Body composition during outpatient treatment of severe acute malnutrition: Results from a randomised trial testing different doses of ready-to-use therapeutic foods

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Body composition during outpatient treatment of severe acute malnutrition : Results from a randomised trial testing different doses of ready-to-use therapeutic foods. / Kangas, Suvi T; Kæstel, Pernille; Salpéteur, Cécile; Nikièma, Victor; Talley, Leisel; Briend, André; Ritz, Christian; Friis, Henrik; Wells, Jonathan C.

I: Clinical Nutrition, 06.03.2020.

Publikation: Bidrag til tidsskriftTidsskriftartikelForskningfagfællebedømt

Harvard

Kangas, ST, Kæstel, P, Salpéteur, C, Nikièma, V, Talley, L, Briend, A, Ritz, C, Friis, H & Wells, JC 2020, 'Body composition during outpatient treatment of severe acute malnutrition: Results from a randomised trial testing different doses of ready-to-use therapeutic foods', Clinical Nutrition. https://doi.org/10.1016/j.clnu.2020.02.038

APA

Kangas, S. T., Kæstel, P., Salpéteur, C., Nikièma, V., Talley, L., Briend, A., ... Wells, J. C. (2020). Body composition during outpatient treatment of severe acute malnutrition: Results from a randomised trial testing different doses of ready-to-use therapeutic foods. Clinical Nutrition. https://doi.org/10.1016/j.clnu.2020.02.038

Vancouver

Kangas ST, Kæstel P, Salpéteur C, Nikièma V, Talley L, Briend A o.a. Body composition during outpatient treatment of severe acute malnutrition: Results from a randomised trial testing different doses of ready-to-use therapeutic foods. Clinical Nutrition. 2020 mar 6. https://doi.org/10.1016/j.clnu.2020.02.038

Author

Kangas, Suvi T ; Kæstel, Pernille ; Salpéteur, Cécile ; Nikièma, Victor ; Talley, Leisel ; Briend, André ; Ritz, Christian ; Friis, Henrik ; Wells, Jonathan C. / Body composition during outpatient treatment of severe acute malnutrition : Results from a randomised trial testing different doses of ready-to-use therapeutic foods. I: Clinical Nutrition. 2020.

Bibtex

@article{b31f9d34df3c4047bd6a2264b141a8ac,
title = "Body composition during outpatient treatment of severe acute malnutrition: Results from a randomised trial testing different doses of ready-to-use therapeutic foods",
abstract = "Background & Aims: Treatment of children with uncomplicated severe acute malnutrition (SAM) is based on ready-to-use therapeutic foods (RUTF) prescribed based on body weight and administered at home. Treatment performance is typically monitored through weight gain. We previously reported that a reduced dose of RUTF resulted in weight gain velocity similar to standard dose. Here we investigate the change in body composition of children treated for SAM and compare it to community controls, and describe the effect of a reduced RUTF dose on body composition at recovery.Methods: Body composition was measured via bio-electrical impedance analysis at admission and recovery among a sub-group of children with SAM participating in a clinical trial and receiving a reduced or a standard dose of RUTF. Non-malnourished children were measured to represent community controls. Linear mixed regression models were fitted.Results: We obtained body composition data from 452 children at admission, 259 at recovery and 97 community controls. During SAM treatment the average weight increased by 1.20 kg of which 0.55 kg (45{\%}) was fat-free mass (FFM) and 0.67 kg (55{\%}) was fat mass (FM). At recovery, children treated for SAM had 1.27 kg lower weight, 0.38 kg lower FFM, and 0.90 kg lower FM compared to community controls. However, their fat-free mass index (FFMI) was not different from community controls (Δ0.2 kg/m2; 95{\%} CI -0.1, 0.4). No differences were observed in FFM, FM or fat mass index (FMI) between the study arms at recovery. However, FFMI was 0.35 kg/m2 higher at recovery with the reduced compared to standard dose (p = 0.007) due to slightly lower height (Δ0.22 cm; p = 0.25) and higher FFM (Δ0.11 kg; p = 0.078) in the reduced dose group.Conclusions: Almost half of the weight gain during SAM treatment was FFM. Compared to community controls, children recovered from SAM had a lower FM while their height-adjusted FFM was similar. There was no evidence of a differential effect of a reduced RUTF dose on the tissue accretion of treated children when compared to standard treatment.",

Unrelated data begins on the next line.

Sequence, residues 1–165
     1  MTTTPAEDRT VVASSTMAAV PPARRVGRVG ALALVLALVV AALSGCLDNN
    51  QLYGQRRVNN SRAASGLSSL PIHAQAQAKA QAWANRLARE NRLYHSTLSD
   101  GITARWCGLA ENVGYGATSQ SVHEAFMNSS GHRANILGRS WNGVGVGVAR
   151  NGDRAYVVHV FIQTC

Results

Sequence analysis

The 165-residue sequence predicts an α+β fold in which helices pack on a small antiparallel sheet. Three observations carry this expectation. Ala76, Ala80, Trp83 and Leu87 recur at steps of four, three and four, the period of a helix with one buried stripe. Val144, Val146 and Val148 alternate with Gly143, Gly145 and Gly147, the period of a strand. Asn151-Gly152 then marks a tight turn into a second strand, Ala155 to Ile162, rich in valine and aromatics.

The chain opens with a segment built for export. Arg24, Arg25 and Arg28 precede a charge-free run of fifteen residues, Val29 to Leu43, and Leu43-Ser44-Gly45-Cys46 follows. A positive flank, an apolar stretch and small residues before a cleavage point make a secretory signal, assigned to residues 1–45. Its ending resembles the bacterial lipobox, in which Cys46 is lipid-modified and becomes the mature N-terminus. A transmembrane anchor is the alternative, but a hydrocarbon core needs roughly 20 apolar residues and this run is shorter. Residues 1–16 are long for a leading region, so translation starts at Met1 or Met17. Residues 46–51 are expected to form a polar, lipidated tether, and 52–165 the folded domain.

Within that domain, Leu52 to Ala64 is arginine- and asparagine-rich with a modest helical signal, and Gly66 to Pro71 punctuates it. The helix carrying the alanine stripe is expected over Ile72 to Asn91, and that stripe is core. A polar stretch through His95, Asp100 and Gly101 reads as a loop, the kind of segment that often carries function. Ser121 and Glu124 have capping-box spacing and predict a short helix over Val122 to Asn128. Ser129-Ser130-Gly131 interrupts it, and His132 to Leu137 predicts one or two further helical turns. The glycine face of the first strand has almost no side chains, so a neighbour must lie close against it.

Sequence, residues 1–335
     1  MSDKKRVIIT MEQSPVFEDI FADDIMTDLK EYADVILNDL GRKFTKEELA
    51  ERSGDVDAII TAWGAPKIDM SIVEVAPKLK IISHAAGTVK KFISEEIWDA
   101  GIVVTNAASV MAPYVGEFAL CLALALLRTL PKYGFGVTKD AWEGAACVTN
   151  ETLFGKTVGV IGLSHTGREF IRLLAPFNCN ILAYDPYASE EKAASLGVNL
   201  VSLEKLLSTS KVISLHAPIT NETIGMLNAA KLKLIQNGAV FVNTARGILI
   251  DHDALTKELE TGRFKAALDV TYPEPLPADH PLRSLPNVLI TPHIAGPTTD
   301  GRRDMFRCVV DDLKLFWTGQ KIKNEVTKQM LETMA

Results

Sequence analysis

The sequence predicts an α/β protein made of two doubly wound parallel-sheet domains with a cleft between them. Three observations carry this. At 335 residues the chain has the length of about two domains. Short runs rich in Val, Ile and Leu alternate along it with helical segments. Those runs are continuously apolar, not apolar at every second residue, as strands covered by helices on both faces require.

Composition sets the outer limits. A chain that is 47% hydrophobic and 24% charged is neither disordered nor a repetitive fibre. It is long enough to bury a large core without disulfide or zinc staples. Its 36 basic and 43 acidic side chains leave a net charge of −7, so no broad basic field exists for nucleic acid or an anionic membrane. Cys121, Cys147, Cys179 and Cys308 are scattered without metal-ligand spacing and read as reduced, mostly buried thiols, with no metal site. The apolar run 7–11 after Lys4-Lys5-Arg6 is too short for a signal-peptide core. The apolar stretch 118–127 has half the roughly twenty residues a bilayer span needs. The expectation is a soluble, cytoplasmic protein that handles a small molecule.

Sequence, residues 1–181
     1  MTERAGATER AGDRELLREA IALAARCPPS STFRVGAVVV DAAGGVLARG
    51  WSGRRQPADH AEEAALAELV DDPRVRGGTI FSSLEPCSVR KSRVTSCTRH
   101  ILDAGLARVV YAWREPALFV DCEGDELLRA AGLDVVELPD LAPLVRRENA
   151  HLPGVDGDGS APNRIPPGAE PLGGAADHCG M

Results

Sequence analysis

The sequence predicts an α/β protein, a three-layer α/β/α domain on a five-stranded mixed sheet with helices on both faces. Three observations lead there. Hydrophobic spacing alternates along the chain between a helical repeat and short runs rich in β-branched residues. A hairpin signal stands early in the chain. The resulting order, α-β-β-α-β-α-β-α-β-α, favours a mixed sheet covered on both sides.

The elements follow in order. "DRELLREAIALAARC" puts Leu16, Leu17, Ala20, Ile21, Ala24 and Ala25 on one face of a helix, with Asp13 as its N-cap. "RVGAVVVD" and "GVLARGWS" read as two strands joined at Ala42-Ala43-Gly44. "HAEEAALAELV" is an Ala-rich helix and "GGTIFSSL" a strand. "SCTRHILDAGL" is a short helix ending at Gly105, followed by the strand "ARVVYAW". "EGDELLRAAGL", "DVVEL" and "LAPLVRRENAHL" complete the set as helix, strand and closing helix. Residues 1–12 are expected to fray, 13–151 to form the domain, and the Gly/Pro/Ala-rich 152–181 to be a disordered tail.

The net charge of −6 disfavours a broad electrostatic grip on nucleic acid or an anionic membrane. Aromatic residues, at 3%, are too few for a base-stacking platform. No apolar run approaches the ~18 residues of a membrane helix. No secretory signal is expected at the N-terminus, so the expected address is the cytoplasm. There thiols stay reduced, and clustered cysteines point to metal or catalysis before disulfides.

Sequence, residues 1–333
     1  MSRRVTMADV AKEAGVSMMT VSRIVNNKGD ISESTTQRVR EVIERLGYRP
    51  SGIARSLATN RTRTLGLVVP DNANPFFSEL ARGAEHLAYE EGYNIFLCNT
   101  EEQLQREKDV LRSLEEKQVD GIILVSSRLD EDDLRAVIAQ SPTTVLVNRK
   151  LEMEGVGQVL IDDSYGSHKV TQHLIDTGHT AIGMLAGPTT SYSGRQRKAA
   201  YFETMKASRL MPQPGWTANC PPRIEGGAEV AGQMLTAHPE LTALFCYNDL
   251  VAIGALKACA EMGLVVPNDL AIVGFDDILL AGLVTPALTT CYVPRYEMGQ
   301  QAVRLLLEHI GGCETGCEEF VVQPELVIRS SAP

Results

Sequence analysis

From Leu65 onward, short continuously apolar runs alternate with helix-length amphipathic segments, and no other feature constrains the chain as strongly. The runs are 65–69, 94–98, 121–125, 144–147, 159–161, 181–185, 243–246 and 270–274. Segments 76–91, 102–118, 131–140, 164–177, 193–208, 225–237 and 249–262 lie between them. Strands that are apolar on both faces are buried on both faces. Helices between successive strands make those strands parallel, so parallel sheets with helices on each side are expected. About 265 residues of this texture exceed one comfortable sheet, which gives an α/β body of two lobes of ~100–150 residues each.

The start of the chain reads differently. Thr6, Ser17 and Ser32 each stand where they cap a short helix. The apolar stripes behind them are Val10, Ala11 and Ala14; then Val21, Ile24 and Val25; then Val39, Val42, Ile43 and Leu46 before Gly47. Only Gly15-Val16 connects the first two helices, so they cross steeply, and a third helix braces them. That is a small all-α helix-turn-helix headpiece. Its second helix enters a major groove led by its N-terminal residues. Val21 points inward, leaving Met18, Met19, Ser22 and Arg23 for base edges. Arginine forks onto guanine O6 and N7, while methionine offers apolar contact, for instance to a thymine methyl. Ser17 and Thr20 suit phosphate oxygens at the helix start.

keywords = "Faculty of Science, Body composition, Bioelectrical impedance analysis, Severe acute malnutrition, Children, Ready-to-use therapeutic food, Burkina Faso",
author = "Kangas, {Suvi T} and Pernille K{\ae}stel and C{\'e}cile Salp{\'e}teur and Victor Niki{\`e}ma and Leisel Talley and Andr{\'e} Briend and Christian Ritz and Henrik Friis and Wells, {Jonathan C}",
note = "Copyright {\circledC} 2020 The Author(s). Published by Elsevier Ltd.. All rights reserved.",
year = "2020",
month = "3",
day = "6",
doi = "10.1016/j.clnu.2020.02.038",
language = "English",
journal = "Clinical Nutrition",
issn = "0261-5614",
publisher = "Elsevier",

}

RIS

TY - JOUR